Live-updating coronavirus maps provide everyone a way to track worldwide COVID-19 cases, so we can see the full scope of the novel coronavirus pandemic's breathtaking spread across the globe.
There are several coronavirus maps and dashboards from reputable sources, but most of them use data from Johns Hopkins University’s Center for Systems Science and Engineering.
Coronavirus maps: Latest update May 14
The coronavirus maps show the breathtaking speed and reach of COVID-19. On Jan. 27, there were 2,886 confirmed cases.
As of May 14, there are over 4.37 million confirmed coronavirus cases worldwide with over 297,500 total deaths.
The US leads in confirmed COVID-19 case with over 1.39 million confirmed cases across all 50 states. Among them were over 84,100 deaths, including over 27,400 deaths in New York state.
US. Governors of many states are calling on the federal government to help get more of their residents tested. There is also an outcry for more antibody tests to determine if some people have already been infected and might be immune (research hasn't proven yet if people who've had COVID-19 can get reinfected).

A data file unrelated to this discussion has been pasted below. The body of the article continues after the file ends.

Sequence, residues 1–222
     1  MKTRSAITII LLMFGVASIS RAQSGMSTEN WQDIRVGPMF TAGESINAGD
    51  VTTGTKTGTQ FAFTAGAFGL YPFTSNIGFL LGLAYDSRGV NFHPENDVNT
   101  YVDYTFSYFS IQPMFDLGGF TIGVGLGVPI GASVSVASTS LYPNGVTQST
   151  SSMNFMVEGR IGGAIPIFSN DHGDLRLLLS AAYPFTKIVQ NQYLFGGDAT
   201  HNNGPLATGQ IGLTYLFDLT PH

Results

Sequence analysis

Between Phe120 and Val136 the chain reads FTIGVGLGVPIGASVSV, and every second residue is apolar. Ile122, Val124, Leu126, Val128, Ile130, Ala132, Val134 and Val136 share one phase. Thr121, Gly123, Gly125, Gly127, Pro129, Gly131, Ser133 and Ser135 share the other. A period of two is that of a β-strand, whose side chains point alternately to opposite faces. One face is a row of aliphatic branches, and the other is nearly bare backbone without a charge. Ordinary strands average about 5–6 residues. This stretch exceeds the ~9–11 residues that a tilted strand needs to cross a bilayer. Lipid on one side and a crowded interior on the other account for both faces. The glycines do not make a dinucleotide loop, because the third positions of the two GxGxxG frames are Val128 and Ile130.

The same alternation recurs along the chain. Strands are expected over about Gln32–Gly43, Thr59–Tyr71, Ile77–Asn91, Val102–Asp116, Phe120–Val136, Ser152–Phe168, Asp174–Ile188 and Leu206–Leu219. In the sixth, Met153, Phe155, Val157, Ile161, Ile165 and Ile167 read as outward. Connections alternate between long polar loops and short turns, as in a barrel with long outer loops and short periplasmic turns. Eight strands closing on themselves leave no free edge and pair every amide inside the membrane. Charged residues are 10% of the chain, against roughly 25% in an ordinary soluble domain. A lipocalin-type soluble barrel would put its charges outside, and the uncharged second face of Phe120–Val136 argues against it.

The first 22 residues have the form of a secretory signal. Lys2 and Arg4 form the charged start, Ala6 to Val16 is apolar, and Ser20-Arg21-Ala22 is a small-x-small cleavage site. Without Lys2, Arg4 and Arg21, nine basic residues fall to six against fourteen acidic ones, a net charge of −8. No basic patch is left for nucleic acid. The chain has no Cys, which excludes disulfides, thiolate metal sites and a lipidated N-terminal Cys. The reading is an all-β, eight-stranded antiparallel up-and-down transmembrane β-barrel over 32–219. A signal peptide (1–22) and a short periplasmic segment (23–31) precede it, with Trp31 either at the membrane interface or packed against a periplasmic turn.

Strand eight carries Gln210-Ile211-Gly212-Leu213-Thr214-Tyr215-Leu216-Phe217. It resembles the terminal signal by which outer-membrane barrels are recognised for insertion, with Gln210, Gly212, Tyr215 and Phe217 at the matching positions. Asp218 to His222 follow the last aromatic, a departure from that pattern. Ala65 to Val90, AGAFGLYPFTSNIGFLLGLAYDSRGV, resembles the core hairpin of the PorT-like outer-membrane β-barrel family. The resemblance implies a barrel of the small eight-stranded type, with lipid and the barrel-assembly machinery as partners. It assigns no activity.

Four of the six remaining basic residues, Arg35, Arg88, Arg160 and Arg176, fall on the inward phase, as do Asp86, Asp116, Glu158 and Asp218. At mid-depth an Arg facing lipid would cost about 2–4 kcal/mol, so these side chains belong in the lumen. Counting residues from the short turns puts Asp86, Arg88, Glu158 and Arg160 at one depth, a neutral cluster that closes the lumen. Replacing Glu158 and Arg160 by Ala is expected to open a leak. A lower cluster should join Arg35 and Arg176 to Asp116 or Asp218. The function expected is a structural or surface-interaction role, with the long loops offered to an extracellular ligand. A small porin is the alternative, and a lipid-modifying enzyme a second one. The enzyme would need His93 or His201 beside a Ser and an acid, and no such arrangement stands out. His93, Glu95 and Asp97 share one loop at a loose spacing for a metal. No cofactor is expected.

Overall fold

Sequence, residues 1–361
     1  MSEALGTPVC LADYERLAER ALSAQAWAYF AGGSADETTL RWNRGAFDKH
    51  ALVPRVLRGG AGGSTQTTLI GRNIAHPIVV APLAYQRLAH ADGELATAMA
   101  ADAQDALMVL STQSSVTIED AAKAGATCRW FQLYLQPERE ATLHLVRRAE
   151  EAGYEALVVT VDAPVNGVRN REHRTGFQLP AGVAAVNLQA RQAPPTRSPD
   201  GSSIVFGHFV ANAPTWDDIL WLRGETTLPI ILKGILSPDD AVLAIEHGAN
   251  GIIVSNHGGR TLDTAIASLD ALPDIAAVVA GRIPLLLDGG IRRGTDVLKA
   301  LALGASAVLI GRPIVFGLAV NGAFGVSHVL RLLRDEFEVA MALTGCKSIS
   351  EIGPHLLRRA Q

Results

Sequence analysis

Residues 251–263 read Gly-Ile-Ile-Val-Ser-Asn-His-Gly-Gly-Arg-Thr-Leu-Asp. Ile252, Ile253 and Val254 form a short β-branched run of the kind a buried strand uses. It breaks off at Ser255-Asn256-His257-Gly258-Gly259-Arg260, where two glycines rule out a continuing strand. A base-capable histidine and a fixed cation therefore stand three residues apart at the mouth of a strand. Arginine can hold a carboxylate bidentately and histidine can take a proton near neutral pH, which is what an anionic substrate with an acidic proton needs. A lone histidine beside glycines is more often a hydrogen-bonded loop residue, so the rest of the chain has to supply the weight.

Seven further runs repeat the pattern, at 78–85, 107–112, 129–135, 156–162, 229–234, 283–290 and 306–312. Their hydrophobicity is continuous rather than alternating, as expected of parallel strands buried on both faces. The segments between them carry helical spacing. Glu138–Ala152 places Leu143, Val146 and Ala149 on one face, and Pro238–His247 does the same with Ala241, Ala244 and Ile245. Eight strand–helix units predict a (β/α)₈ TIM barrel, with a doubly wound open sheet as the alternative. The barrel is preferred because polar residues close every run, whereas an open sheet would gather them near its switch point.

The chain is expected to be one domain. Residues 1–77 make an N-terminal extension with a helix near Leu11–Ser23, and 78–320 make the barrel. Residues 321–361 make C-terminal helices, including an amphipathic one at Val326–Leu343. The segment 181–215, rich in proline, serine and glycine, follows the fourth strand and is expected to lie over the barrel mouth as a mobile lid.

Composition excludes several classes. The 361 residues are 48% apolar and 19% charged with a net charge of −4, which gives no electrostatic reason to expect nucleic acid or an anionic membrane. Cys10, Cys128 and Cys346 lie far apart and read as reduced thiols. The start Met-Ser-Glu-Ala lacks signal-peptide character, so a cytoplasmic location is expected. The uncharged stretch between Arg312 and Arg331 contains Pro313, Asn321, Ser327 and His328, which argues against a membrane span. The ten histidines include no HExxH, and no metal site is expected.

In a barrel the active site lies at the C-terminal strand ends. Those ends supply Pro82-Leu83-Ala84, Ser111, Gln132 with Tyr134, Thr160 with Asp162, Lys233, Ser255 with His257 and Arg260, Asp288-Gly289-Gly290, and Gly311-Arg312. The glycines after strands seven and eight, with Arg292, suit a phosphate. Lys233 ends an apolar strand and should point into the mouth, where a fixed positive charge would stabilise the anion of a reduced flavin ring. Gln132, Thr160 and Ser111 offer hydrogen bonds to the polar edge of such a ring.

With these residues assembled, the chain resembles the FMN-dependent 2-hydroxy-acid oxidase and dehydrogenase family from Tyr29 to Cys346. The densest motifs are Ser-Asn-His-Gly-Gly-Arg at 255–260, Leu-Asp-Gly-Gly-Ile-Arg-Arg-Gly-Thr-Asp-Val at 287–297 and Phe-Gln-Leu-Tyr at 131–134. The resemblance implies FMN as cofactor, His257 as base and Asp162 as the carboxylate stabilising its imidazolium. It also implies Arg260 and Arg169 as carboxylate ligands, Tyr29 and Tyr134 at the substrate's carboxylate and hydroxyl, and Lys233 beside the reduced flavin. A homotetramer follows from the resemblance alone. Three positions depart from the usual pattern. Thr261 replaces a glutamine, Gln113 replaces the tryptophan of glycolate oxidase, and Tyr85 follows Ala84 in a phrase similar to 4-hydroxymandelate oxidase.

It's unclear if some of those numbers are completely accurate. Some countries may be underreporting their COVID-19 cases. US intelligence officials believe China has concealed the extent of their coronavirus outbreak. And it's possible that COVID-19 related deaths are being undercounted if they take place at home.
The best coronavirus map and dashboard
Launched on Jan. 22, Johns Hopkins University’s COVID-19 dashboard (opens in new tab) displays the number and location of confirmed cases as they are reported, as well as the total number of deaths and recoveries. You can zoom in on specific locations and scroll to different regions. Click on a red dot and you’ll see information on the number of cases by country, by region, by city and in the U.S., by state. And there’s a mobile version (opens in new tab), so you can monitor the coronavirus map on a phone.
According to the university, the coronavirus map was created to “provide researchers, public health authorities and the general public with a user-friendly tool to track the outbreak as it unfolds."
More coronavirus maps and dashboards
Microsoft's coronavirus tracker is easy to use and has a nice interface. Much like the other maps, the Bing COVID-19 dashboard lets you see a worldwide view of the disease's spread as well as the numbers per country.
HealthMap’s (opens in new tab) coronavirus map is slick and well-designed and features animation, so you can animate the spread of COVID-19 from the very first cases.
NextStrain’s (opens in new tab) coronavirus map is more technical and provides some detailed information, like the genome of the virus. And you can watch an animation of the routes that the coronavirus took from region to region, country to country.
The New York Times’ (opens in new tab) coronavirus dashboard features easy-to-read charts and graphs explaining
NBC New York’s (opens in new tab) coronavirus maps is based on the same Johns Hopkins data but is a little simpler and features animation.